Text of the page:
Without spoiling anything, I can say all three playable characters are unique without doing anything that doesn’t make sense or ends up feeling stale. Nero and Dante both play just like you’d want them to, and newcomer V is a fun breath of fresh air that plays completely differently.
V is a ranged-type character that controls three various demons to fight for him in combat. At first I groaned thinking he would be a chore to play – but I was pleasantly surprised. V allows you to set up a cavalcade of destruction and quite frankly can make killing baddies too easy.
Overall the game’s difficulty feels just about right and doesn’t punish you unfairly, nor are there forced microtransactions like some rumor claimed. When you die in game, you’re given the option to restart or revive with red orbs or a gold orb. I played through the entire game rarely using this.
In terms of game length, there are 20 main missions and a host of side missions, the core experience feeling actually longer than I expected considering the amount of time given to playing each character. Overall, you’ll get plenty of time with each of the protagonists.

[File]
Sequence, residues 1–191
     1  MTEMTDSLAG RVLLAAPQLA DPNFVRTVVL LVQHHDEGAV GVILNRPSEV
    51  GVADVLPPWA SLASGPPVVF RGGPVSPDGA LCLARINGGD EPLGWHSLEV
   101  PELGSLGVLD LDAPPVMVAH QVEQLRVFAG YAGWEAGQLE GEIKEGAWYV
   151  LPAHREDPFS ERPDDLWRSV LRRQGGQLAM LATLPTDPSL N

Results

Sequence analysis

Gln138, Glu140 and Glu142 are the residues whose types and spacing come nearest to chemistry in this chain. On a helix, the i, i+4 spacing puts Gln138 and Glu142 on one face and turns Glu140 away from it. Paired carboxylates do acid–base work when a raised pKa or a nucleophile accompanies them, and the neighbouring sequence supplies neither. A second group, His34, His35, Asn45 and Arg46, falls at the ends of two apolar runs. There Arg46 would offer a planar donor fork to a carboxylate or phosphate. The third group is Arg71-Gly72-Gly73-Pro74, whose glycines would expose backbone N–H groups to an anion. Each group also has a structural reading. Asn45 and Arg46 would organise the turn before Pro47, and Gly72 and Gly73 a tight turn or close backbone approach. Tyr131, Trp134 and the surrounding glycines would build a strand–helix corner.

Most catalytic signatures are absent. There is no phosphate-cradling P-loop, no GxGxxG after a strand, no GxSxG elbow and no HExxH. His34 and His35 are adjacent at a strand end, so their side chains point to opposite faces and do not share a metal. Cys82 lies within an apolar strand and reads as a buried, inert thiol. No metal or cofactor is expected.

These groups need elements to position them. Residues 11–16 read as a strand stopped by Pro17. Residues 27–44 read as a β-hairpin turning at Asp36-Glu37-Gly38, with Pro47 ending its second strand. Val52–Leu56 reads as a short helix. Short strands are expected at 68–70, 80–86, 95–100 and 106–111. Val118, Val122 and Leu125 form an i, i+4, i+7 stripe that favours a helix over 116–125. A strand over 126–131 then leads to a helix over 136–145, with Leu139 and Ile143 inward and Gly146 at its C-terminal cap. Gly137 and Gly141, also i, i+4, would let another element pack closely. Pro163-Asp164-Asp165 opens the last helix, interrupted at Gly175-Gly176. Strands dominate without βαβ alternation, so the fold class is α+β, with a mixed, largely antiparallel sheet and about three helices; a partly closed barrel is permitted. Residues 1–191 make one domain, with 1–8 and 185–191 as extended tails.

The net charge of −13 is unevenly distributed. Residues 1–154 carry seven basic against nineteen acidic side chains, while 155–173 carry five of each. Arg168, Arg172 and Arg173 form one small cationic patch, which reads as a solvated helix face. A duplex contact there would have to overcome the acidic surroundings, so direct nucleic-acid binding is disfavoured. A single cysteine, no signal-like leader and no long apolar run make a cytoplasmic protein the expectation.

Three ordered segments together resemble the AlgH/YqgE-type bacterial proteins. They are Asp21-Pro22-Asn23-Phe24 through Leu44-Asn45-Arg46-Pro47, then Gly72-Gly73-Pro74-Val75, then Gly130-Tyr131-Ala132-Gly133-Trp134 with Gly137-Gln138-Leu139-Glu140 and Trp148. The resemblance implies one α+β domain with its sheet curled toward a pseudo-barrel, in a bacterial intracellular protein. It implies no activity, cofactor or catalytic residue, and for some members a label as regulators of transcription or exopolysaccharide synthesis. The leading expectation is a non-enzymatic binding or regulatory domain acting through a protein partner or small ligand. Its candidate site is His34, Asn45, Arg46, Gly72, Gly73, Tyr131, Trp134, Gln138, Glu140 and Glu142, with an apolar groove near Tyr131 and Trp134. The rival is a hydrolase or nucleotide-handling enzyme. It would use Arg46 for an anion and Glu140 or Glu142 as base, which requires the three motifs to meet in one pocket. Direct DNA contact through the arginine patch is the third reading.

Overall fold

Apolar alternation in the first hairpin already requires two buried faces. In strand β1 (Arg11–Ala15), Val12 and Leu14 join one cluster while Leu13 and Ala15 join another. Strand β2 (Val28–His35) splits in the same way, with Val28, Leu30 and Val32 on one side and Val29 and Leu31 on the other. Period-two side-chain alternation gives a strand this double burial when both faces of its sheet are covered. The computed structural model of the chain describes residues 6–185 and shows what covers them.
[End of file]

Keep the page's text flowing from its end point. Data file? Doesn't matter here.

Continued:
The game takes places years after the events of Devil May Cry 4, and without really spoiling anything – really focuses on what I think fans want the most: more of the Sparda bloodline and the story behind Dante and crew. The game follows protagonists Nero, Dante, and newcomer V.
As with most Devil May Cry games, the plot tends to be a bit over the top and gets a little ridiculous considering the circumstances of things happening in the game world. However, the series trademark humor and charm returns, with dick jokes and then some.
Everything about the games story feels like you’re being dropped right back into a giant, ridiculous battle in the series, and I think this is intentional. Capcom seems to be well aware of the blowback on the DmC reboot, so I think they wanted to just drop fans right into the franchise again.
Coming from this, if you’re a total newcomer to the entire franchise, it can be a little too much to take in with all the bad blood and apocalypse happening every few years. There is a recap video, but as the story is mostly silly and over the top – it’ll be easy to jump right in.
As this review will continue to be spoiler free, the most I can say regarding the events of the plot is there are some fun twists, reveals, and of course – a big ridiculous finale that really tops anything seen previously in the series. I think fans will be really happy with how things are wrapped up.